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Late Nights at OVC
Large-animal surgeon studies new ways to provide pain relief to horses  May 2009

Dr. Nicola Cribb picture“I care for every horse I see in the clinic as if it were my own,” says Prof. Nicola Cribb.

Photo by Martin Schwalbe

Guelph, ON -
Some of OVC professor Nicola Cribb's best lessons aren't listed on the class schedule and don't follow a lesson plan. One happened recently at two in the morning when a horse was brought in needing urgent surgery and Cribb had to operate, teaching a student as she worked.

“That horse had colic because of a twisted bowel,” she says. “He was in so much pain that none of the medications we gave him helped for more than 10 minutes. But we did the surgery, and now the horse is fine and no longer in pain. I really respected my student for taking the opportunity to learn at that time of night.”

Late nights in OVC's large-animal clinic are nothing new for Cribb, who's been working there for two years. What is new is her faculty appointment in the Department of Clinical Studies, where she's now teaching courses in large-animal surgery. She hasn't given up her clinic work, however, even though it sometimes means being called out in the wee hours. “I have pretty much given up sleep,” she jokes.

Cribb's accent gives away her background: she was born and raised in London, England, where she developed a love of horses early on. You might not expect London to be the ideal place for a young rider, but she says it's actually pretty easy to saddle up there.

“London has many royal parks, areas of land that were once the grounds of royal palaces and that are now set aside for recreation. I didn't have my own horse, but I would go riding in the parks as often as I could.”

It was that love of horses that motivated her to become a veterinarian, and after graduating from Cambridge University, she came to OVC for specialist training in large-animal surgery. That was six years ago, and she's been here ever since, caring primarily for horses but also treating cows, sheep, goats and pigs.

Although she had done some teaching in the large-animal clinic before starting her faculty position, Cribb says she loves her expanded instructional role.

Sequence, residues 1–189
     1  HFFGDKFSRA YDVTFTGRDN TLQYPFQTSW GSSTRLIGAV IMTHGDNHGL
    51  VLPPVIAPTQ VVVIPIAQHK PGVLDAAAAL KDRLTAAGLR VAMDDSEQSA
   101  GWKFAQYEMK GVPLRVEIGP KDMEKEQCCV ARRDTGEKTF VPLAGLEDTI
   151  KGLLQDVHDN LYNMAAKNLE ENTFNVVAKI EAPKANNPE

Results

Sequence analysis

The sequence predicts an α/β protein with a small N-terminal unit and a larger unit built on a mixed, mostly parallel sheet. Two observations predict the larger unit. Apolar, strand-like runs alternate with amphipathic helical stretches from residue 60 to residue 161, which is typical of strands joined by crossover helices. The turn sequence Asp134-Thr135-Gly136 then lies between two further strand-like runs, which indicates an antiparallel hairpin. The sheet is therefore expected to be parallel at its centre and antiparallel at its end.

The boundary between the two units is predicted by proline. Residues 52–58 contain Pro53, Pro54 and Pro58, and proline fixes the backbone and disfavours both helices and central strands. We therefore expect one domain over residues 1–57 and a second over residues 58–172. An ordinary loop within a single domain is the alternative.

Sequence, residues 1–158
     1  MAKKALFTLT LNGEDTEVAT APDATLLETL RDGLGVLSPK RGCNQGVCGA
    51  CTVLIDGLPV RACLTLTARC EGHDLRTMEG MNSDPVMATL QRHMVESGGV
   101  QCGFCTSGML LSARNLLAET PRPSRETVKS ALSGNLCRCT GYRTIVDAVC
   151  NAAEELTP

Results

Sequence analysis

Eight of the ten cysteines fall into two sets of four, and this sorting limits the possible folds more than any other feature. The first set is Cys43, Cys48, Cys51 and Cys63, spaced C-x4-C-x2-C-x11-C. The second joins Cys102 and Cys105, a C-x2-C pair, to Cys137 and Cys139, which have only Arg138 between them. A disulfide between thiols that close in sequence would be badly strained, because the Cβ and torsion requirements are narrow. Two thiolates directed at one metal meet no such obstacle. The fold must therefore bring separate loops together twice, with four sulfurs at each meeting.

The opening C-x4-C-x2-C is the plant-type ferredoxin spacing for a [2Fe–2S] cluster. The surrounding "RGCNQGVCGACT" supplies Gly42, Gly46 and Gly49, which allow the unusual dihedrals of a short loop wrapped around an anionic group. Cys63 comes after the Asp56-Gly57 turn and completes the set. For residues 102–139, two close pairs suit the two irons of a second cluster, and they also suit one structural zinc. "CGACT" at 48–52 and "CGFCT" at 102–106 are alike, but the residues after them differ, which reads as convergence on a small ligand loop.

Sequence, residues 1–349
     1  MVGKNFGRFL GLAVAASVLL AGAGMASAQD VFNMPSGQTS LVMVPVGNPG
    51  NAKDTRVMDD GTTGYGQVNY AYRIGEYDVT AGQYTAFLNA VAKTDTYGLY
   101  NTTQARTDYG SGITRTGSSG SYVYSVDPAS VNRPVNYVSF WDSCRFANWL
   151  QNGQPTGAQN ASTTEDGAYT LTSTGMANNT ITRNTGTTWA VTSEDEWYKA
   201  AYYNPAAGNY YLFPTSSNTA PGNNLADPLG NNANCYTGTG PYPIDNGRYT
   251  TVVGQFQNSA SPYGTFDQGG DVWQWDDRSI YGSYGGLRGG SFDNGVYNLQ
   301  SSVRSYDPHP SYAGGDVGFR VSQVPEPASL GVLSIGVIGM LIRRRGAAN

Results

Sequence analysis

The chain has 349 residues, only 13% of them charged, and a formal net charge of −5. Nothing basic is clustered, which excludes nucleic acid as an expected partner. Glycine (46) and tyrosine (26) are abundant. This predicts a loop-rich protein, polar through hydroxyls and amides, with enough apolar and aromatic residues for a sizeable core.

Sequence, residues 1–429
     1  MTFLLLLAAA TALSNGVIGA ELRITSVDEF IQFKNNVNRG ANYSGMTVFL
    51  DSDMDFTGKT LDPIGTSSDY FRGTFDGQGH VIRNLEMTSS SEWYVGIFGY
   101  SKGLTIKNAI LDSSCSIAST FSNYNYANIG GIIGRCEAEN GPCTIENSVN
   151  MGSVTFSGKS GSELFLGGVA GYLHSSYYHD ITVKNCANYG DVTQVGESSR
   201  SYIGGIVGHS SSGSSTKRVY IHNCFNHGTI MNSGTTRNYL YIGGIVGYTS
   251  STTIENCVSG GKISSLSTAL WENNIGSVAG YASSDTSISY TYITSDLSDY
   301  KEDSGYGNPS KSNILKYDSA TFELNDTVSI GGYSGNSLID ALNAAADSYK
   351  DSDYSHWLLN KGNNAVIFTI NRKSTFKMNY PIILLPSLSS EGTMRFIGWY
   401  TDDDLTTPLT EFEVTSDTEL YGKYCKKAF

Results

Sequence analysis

“It's the interaction with students and the discussions that I enjoy because there's always something new. There will always be one student who will ask a question you haven't been asked before or approach something in a different way.”

Of course, there's always something new in the clinic as well.

“We have a lot of specialized equipment here, so we get animals needing special treatment or techniques to make a diagnosis. So you never get bored — everything you see is a bit different.”

She also finds this work highly rewarding. “It's extremely satisfying when an animal goes back home, healthy and happy again, after being treated here. That's why I do what I do.”

Perhaps not surprisingly, Cribb continues to seek ways to improve the outcomes for her animal patients. Her current research comes straight out of her work in the clinic: she's studying new ways to provide pain relief to horses without the serious side effects that sometimes complicate an animal's care. Many drugs currently given to relieve serious pain can cause equally serious problems such as colic.

“There's really a need for a better approach,” she says.

Cribb's strategy, which she's currently studying to see if it can be done safely and effectively, is to inject medication at the site of an injury instead of administering it orally or through an IV. Her hope is that this will keep the medication near the injury site and not have it spread through the body, causing unwanted side effects.

This research project fits in well with her overall goals as part of OVC's large-animal team.

“We want to further develop cutting-edge expertise in large-animal surgery,” she says. “There are lots of new developments in surgery for horses, and we need to stay at the top of all of them.”

One example is the use of minimally invasive surgical techniques that avoid the large incisions typically required to allow a surgeon to insert his or her hands inside an animal's body. Instead, the veterinarian makes a small incision and inserts a 10-mm-wide camera alongside five-mm-wide instruments, then performs the surgery guided by the camera.

“That kind of surgery requires a very different skill set,” says Cribb. “You need a lot of dexterity. It can significantly reduce the risk of complications for the animal, though, so it's a very valuable technique.”

After six years in Guelph, she feels settled here and has taken up cross-country skiing to “help get through the winter.” As much as she loves to ride, she doesn't have a horse of her own.

“This is what happens to a lot of equine vets — we get into this field because we love horses, then we don't have time to ride or do things with our own horses.”

Luckily, she has her equine patients to dote on. “I care for every horse I see in the clinic as if it were my own.”